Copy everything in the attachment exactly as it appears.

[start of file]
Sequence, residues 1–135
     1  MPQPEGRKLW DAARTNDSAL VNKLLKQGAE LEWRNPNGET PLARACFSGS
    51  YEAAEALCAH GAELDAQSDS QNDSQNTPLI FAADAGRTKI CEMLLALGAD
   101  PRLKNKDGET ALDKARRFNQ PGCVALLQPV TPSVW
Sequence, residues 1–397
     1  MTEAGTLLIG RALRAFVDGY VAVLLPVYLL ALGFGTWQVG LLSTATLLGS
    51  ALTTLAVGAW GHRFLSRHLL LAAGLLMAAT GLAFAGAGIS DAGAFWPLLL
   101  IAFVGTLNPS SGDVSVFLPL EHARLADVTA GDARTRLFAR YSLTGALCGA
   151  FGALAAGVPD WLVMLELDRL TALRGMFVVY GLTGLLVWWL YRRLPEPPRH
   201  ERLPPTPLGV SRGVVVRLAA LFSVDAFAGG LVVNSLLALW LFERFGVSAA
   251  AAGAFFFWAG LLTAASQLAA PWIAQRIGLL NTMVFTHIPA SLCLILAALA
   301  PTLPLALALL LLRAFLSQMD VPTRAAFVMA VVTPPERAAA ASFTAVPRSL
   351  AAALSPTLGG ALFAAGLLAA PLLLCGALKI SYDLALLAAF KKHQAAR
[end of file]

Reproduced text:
Sequence, residues 1–135
     1  MPQPEGRKLW DAARTNDSAL VNKLLKQGAE LEWRNPNGET PLARACFSGS
    51  YEAAEALCAH GAELDAQSDS QNDSQNTPLI FAADAGRTKI CEMLLALGAD
   101  PRLKNKDGET ALDKARRFNQ PGCVALLQPV TPSVW
Sequence, residues 1–397
     1  MTEAGTLLIG RALRAFVDGY VAVLLPVYLL ALGFGTWQVG LLSTATLLGS
    51  ALTTLAVGAW GHRFLSRHLL LAAGLLMAAT GLAFAGAGIS DAGAFWPLLL
   101  IAFVGTLNPS SGDVSVFLPL EHARLADVTA GDARTRLFAR YSLTGALCGA
   151  FGALAAGVPD WLVMLELDRL TALRGMFVVY GLTGLLVWWL YRRLPEPPRH
   201  ERLPPTPLGV SRGVVVRLAA LFSVDAFAGG LVVNSLLALW LFERFGVSAA
   251  AAGAFFFWAG LLTAASQLAA PWIAQRIGLL NTMVFTHIPA SLCLILAALA
   301  PTLPLALALL LLRAFLSQMD VPTRAAFVMA VVTPPERAAA ASFTAVPRSL
   351  AAALSPTLGG ALFAAGLLAA PLLLCGALKI SYDLALLAAF KKHQAAR